Why ISIS Can’t Last

Don’t get me wrong, these guys are evil bastards, and while they’re brutal, destructive, and genocidal, that’s probably all they’ll ever be, and they won’t be that for long.

Let me break it down here.

I. Everyone Hates ‘Em

And I mean everyone- not just those unfortunate enough to be targeted by the group. See, the moment these guys came to power in Syria, they enacted a couple social policies, namely, the banning of music and smoking. And readers, let me tell ya, if there’s two things Syrians love, it’s music…

…and smoking.

Now the Syrians have been living under a brutal dictatorship for years. They’ve managed to take it on the nose when their freedom of speech or self-rule gets viciously curtailed. Now when you take away their liberty and what few pleasures they have, you’ve gone too far, and the already unpopular group has had to face resistance from within its own territory. In August of this year, local tribesmen forced ISIS out of several villages and reportedly even took control of a local oil field. Not only that…

II. They’re Not As Big As They Look

Chances are, you’ve seen ISIS territory portrayed something like this:

Scary, huh? That’s control from nearly the Mediterranean to Persia. Only, that’s not an accurate picture.

This is:

Those orange lines are a lot more indicative of what ISIS actually controls, much of that being small villages and towns and the lonely desert roads connecting them. Indeed, even this might be giving the group too much credit, as such villages are only loosely controlled (seriously, go read that link above about those tribesmen kicking ’em out). Further, while we’re told to shudder at ISIS’s advances, we often forget the group’s long list of failures. For example, ISIS had boasted that it would capture Baghdad in three days. That was way back in July, and similar attempts to push into Kurdish territory have also proven difficult. What advances ISIS has made have come at a high price, with 2013 casualty estimates at 10 to 1 in favor of the Kurdish forces. Kurdish fighters have likewise taken control of such strategic sites as the Mosul Dam, another severe loss on the part of ISIS. But beyond all that…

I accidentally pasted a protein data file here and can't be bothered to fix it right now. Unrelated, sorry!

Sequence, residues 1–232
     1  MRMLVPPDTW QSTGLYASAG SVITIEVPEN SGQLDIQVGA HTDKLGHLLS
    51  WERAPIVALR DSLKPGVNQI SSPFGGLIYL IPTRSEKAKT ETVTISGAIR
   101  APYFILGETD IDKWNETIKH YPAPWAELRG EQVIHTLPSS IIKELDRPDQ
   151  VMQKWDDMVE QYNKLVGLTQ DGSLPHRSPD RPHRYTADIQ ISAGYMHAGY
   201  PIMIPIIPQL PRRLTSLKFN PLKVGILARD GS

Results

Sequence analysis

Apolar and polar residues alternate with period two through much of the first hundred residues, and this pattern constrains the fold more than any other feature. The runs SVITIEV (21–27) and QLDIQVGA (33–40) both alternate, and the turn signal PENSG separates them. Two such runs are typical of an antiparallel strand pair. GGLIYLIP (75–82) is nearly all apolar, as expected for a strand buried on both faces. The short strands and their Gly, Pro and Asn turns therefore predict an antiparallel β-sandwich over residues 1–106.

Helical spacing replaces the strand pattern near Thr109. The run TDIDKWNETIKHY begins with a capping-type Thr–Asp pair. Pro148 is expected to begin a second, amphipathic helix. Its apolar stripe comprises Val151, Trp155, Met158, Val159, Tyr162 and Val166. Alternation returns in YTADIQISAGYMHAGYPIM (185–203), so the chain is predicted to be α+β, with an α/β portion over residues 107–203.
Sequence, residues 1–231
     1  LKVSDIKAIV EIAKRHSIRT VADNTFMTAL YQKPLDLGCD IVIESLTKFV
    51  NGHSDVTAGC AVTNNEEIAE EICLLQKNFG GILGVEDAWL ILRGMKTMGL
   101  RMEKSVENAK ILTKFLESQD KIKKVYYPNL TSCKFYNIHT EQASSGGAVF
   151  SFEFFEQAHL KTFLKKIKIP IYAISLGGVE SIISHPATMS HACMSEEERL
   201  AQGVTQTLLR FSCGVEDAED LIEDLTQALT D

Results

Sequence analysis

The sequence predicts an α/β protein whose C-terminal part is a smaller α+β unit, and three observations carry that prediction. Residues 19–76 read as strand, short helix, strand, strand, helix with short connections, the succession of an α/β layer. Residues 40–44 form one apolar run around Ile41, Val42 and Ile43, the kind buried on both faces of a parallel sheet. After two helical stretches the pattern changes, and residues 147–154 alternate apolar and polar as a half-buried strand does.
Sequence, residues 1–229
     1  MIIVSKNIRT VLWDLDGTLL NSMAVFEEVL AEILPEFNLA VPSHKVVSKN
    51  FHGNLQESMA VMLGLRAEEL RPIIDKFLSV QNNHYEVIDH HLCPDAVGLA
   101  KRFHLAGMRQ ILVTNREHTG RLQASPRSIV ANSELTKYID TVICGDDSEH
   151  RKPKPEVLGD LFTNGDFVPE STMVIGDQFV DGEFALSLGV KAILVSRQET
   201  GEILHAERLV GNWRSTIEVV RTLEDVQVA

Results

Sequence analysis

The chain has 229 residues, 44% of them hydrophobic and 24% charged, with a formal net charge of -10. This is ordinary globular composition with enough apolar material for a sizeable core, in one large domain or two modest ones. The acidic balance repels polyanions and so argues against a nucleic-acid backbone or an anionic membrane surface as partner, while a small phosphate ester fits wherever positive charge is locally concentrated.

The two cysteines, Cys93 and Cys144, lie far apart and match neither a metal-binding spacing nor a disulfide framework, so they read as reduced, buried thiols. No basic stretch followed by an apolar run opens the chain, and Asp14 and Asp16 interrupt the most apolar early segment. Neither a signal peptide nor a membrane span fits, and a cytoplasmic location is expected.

III. It’s Unsustainable

Completely and utterly unsustainable. The vast majority of ISIS’s revenue has come from raiding, pillaging, kidnapping, and extortion, and while that’s helped the group swiftly fund itself, those tactics can’t be used forever. Eventually, the group is going to run out of minorities to dispossess, and when they do they’re going to have to either continue to attack Syria and Iraq or be faced with the prospect of turning on themselves.

Let’s say- just hypothetically- that a semblance of a state is carved out. Now what? ISIS forces have spent the last few years riding from town to town taking what they want, and peacetime might not be so agreeable to ’em (certainly we’ve seen this in history). In truth, the moment ISIS establishes a state is a the moment it starts to count down to its own collapse. This is an organization that was born from- and thrives on- chaos. Take that away and you take away their natural habitat, and I’m not betting this group will evolve fast enough.

But let’s say that they do.

If (again- just hypothetically), ISIS was able to establish a state, how would it sustain itself? Turkey isn’t going to trade with it. Neither would Iraq or Syria. While in parts bordering the Euphrates, that particular section of Syria isn’t exactly fantastic farmland and I’m guessing Iraq isn’t much greener. ISIS would be forced to essentially cannibalize it’s own territory or be reduced to a truly impoverished standard of living.

Could they survive?

Possibly, but with such abysmally limited infrastructure, the slightest hiccup could result in catastrophic damage. I mean, who’s supplying ’em with vaccines? There is malaria along the Euphrates and polio is re-emerging in that area. And that goes for most everything else, from car parts to stoves to sewage treatment. The ability to conquer and the ability to control are two very different things, and ISIS simply doesn’t seem to have what it will take.

Are these guys monsters? Absolutely, but monsters is all they’ll ever be. Heck, I don’t think even half of ’em actually believe in the rhetoric they spout and its only a matter of time before the other half figures that out. I’m angry at ISIS, don’t get me wrong, I’m outraged as story after story pours in of Syrians and Iraqis being forced to flee from their homes by these scumbags.

But am I scared of ISIS?

No. I’m not.

2 responses to “Why ISIS Can’t Last

  1. You know what would be funny? If ISIS knew they were in trouble in the long run and decided try and draw the West into a ground war that could be used as a recruitment tool and add to the destabilization that helps ISIS have some success. But of course that is silly and would never happen.

  2. Pingback: Palmyra | Culture War Reporters

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